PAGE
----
Oregon labor lawyer, firm face over $40,000 in sanctions for misleading court in ‘bad faith,’ judge finds

A veteran labor law partner and his firm, which represented Bend’s St. Charles Medical Center, face a more than $40,000 sanction for filing a complaint and motion “in bad faith,” a federal judge ruled.

U.S. District Judge Michael J. McShane said the emergency motion filed on behalf of St. Charles Health System Inc., seeking a court order to prevent the workers’ union from striking, lacked any mention of the fact that longstanding case law only allows the National Labor Relations Board to issue an injunction to prevent an unfair labor practice.

McShane called it “an unusual if not glaring omission,” by attorney Mark Hutcheson and his firm Davis Wright Tremaine and ordered them to pay $40,625.52 in fees to the union.

“The Court finds that Hutcheson knowingly failed to disclose controlling authority directly adverse to the position advocated,” the judge wrote. “It is not credible to believe this was merely an inadvertent omission.’’

The judge ruled that the emergency motion on behalf of the hospital wasn’t filed to “advance a valid legal argument,” but instead “to gain a valuable negotiating chip” to try to stave off a rapidly approaching strike.

The hospital’s motion for a federal temporary restraining order against the Oregon Federation of Nurses & Health Professionals was filed in U.S. District Court in Eugene in February and denied by McShane on March 2. The union represents about 156 medical technicians and therapists at the hospital. They cited concerns about pay, cost of living adjustments and “issues of disrespect,” and spent more than a week on the picket line before agreeing to end the strike on March 12 and resume contract talks.

The union’s lawyer, Catherine A. Highet, argued that St. Charles’ lawyers intentionally misled the court about its authority, noting that only the National Labor Relations Board can ask courts to remedy unfair labor practices.

“It is a cornerstone of modern American labor law that Congress intentionally removed the courts from labor disputes because Congress believed the courts had a history of abusing the injunctive power,” she wrote.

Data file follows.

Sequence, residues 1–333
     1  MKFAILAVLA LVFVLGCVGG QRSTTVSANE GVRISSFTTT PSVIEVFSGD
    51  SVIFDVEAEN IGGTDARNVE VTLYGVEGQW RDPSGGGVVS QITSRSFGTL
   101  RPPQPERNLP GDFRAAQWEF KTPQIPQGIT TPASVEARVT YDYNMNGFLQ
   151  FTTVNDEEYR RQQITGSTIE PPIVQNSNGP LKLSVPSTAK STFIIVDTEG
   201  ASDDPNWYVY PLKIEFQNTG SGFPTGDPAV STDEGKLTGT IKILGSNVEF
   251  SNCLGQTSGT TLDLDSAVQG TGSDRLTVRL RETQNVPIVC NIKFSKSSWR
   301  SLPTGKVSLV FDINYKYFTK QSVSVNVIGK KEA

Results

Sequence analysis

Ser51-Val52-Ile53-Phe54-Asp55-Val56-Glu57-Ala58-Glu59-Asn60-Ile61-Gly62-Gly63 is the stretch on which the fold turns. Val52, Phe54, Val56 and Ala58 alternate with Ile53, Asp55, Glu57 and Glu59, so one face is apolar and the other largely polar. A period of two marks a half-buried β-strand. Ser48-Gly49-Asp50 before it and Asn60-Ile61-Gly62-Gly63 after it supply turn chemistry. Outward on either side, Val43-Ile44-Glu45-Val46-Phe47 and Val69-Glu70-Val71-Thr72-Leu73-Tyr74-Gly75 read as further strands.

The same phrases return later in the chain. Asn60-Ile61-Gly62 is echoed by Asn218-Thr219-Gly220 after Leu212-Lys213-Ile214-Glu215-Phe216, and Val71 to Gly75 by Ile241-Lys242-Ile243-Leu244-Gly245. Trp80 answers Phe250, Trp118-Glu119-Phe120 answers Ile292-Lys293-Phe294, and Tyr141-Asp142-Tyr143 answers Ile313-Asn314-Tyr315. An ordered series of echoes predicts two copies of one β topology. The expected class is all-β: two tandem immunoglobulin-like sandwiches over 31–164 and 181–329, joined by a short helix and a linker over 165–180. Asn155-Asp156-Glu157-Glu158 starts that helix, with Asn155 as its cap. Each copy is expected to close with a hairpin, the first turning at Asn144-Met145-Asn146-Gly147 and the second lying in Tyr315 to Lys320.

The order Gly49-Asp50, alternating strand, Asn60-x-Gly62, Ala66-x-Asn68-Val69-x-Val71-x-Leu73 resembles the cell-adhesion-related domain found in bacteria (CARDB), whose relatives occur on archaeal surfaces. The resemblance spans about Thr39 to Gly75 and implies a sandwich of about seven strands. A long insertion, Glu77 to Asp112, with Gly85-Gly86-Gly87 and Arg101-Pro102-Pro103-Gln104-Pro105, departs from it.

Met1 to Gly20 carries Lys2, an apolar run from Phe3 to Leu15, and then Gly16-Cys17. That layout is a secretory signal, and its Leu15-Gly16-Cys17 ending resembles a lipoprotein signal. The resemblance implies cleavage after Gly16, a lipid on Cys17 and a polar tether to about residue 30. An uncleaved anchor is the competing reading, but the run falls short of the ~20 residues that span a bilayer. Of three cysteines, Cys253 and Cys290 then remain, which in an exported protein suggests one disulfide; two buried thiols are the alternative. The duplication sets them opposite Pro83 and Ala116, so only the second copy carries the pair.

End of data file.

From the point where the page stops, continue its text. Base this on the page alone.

The union’s lawyer also pointed out that Hutcheson has been practicing for more than 50 years, has extensive experience with collective bargaining law and has been named among “The Nation’s 100 Most Powerful Employment Attorneys.”

The judge, during his eight years on the federal bench, said he’s not familiar with the National Labor Relations Act, and that’s because the law provides that only the National Labor Relations Board issue such relief.

“As the Court now understands, any attorney with any experience involving labor disputes like the one at issue here would certainly understand that the law did not allow for a district court to issue an injunction under these circumstances,” McShane wrote.

He cited the American Bar Association’s Model Rules of Professional Conduct, which prohibits a lawyer from “knowingly failing to disclose controlling authority directly adverse to the position advocated.” The rule is important to assure that judges don’t become victims of “lawyers hiding the legal ball,” according to the bar association.

Hutcheson wrote to the court that he accepted full responsibility for not addressing “the jurisdictional questions” that arise under the National Labor Relations Act.

“In the very limited period of time in which we had to put our pleadings together, we focused on perceived harm instead of jurisdictional issues,” he wrote.

He and his firm acknowledged that in hindsight they could have done more to alert the court of binding, contrary precedent, but argued they shouldn’t face sanctions because they were arguing for an “extension” of existing case law and didn’t find any case that was completely similar to the facts in the hospital’s case.

“Under this extreme and once-in-a-century pandemic situation, we believed that even though a court might well decline to grant the relief we were requesting on jurisdictional or other grounds, we were entitled to try to seek such relief on our client’s behalf,” Hutcheson wrote.

McShane called the argument “meritless.”

“That time was of the essence, however, is the reason that plaintiff’s intentional omission of jurisdictional issues is so concerning,” the judge wrote. “Had the defense not cobbled together a quick brief, the Court was prepared to issue a completely illegal order based on the law as presented by the hospital; law the court later learned to be a fiction.’’

Jodi Barschow, the union president, called the ruling a victory for the St. Charles hospital workers.

“This victory proves that our experiences with St. Charles leadership were legitimate and that bad behavior by employers will no longer be tolerated,” she said in a statement.

— Maxine Bernstein

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